Rob is back with another airway pearl!
Remember that Dr Rob Bryant, the Kiwi Doc in Utah, with the Damned Sexy Intubation podcast and free downloads of protocols he helped develop? Here he is again! Thanks big guy, we love you!
From Rob’s email :
Here is an analogy that I have been batting around for a while and wanted to share with you, if it seems useful, feel free to post it.
The oxy-hemocoaster analogy idea is mine, the ‘bad roller coaster buddy’ idea came from my colleague Mark Oraskovich, a local EMS medical director who works in my group, and is currently running a prehospital RSI study with a rapid response paramedic crew performing the intubations.
Here is my take on the oxyhemoglobin dissociation curve and the identification of difficult airways, or difficult physiological states.
This is the oxy-hemocoaster, or a roller coaster depiction of the oxyhemoglobin dissociation curve. Imagine the scariest roller coaster you have ever ridden, and that is what you are putting your sick patients on when you intubate them. I am not a fan of roller coasters, and never want the coaster to get to the steep part of the ride, hence, when I intubate, I try to keep my patients from the steep part of the curve with high flow O2, apneic oxygenation, and good positioning.
Now, imagine you actually like roller coasters, and have a front row seat on your favorite roller coaster. The seat next to you is empty, and you are really looking forward to having the front row to yourself.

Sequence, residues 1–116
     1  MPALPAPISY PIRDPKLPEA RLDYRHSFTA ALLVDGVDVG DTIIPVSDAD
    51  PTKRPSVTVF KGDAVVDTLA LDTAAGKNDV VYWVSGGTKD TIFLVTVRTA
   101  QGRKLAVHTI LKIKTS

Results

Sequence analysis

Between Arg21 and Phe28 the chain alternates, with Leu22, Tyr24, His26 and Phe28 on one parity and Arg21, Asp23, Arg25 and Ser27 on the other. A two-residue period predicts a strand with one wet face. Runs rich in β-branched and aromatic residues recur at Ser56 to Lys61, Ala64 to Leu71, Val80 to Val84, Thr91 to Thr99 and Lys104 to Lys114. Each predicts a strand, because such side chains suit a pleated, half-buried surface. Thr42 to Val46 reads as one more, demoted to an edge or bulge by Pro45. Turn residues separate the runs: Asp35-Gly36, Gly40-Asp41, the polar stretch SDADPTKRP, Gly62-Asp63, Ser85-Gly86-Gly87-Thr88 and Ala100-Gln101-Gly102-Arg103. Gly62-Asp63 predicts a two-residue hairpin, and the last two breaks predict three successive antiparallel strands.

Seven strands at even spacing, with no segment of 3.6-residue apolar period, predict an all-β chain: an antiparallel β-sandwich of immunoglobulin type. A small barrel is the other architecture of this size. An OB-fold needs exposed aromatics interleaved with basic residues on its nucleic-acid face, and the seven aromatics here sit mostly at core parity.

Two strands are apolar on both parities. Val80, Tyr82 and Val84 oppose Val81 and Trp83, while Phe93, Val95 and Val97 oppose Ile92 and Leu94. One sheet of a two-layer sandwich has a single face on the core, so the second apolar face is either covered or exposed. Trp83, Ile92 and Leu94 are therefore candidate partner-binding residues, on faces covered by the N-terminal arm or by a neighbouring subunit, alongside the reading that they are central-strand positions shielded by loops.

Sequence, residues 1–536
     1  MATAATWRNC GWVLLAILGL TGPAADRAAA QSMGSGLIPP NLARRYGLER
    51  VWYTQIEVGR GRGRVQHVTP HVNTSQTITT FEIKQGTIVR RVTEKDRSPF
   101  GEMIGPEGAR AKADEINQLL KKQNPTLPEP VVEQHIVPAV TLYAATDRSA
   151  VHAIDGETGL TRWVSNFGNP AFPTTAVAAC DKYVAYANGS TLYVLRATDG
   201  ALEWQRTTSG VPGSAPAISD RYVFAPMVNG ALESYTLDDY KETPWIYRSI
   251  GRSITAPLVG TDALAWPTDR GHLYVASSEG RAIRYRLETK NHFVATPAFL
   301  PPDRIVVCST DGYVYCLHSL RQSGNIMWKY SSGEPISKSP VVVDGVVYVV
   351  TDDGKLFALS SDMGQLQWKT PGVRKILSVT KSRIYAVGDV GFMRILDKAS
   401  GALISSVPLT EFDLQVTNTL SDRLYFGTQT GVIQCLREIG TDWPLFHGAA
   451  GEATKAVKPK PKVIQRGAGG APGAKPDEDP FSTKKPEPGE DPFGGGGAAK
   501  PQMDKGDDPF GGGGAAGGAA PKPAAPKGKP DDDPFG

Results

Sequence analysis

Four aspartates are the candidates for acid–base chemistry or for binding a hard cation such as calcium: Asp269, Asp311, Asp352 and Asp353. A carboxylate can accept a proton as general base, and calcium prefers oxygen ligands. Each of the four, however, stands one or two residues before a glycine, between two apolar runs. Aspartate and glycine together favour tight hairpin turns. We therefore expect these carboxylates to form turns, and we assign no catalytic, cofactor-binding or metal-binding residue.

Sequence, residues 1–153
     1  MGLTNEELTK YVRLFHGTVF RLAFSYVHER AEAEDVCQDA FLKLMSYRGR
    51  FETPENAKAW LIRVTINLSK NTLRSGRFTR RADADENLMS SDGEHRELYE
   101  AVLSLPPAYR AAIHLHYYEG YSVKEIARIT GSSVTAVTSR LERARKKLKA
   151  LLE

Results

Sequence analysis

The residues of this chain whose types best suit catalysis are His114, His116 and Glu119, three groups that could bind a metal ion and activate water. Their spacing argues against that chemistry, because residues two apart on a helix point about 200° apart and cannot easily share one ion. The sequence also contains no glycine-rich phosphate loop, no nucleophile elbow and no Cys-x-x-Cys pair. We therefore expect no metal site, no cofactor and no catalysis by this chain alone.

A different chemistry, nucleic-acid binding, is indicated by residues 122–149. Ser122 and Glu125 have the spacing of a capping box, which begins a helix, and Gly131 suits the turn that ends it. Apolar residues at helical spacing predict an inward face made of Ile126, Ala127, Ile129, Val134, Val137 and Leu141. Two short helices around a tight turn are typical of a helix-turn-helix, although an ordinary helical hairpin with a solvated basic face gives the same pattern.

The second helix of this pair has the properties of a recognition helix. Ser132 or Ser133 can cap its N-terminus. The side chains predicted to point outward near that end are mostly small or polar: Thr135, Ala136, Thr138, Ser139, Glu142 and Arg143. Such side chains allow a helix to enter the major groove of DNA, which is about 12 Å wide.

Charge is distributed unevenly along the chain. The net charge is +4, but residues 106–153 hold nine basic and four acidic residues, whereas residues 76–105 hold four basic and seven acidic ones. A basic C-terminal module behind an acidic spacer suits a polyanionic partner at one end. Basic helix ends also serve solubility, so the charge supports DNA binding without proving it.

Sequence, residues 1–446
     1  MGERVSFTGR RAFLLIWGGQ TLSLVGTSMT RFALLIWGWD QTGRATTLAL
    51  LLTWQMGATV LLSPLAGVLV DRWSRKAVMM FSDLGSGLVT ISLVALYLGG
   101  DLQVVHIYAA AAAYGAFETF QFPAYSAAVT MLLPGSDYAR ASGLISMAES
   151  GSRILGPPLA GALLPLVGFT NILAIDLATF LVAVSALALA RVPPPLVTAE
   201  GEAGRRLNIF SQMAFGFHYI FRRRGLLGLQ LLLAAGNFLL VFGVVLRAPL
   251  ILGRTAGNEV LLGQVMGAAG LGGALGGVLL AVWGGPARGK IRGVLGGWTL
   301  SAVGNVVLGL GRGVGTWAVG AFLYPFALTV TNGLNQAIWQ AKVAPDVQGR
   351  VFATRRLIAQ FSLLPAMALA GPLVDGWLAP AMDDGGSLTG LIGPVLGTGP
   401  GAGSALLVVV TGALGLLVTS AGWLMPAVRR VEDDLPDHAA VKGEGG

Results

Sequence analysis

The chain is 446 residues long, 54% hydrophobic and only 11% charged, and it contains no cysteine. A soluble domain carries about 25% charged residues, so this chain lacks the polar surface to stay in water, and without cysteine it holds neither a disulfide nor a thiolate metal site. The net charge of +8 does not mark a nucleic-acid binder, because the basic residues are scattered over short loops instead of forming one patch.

Who are the people you would least like to sit next to you?
The morbidly obese man that makes it impossible to close the safety bar.
A third trimester pregnant woman, same issue with the bar.
A very drunk man that is already vomiting.
A visible agitated man, talking to himself, that could jump from the coaster
Any child, especially a screaming one with increased oxygen consumption
The guy that just pounded 2 beers and a large pizza.
A COPD patient that looks like a walking cigarette, who is packing their own oxygen tank, and is breathless walking 3 feet.
Anyone you wouldn’t want to sit next to on a roller coaster is going to be someone that will present significant airway, or physiologic issues that will necessitate optimization of their pre oxygenation, and an ‘A-game’ intubation strategy.
Thanks for the great blog and podcast,
Rob Bryant MD
Utah Emergency Physicians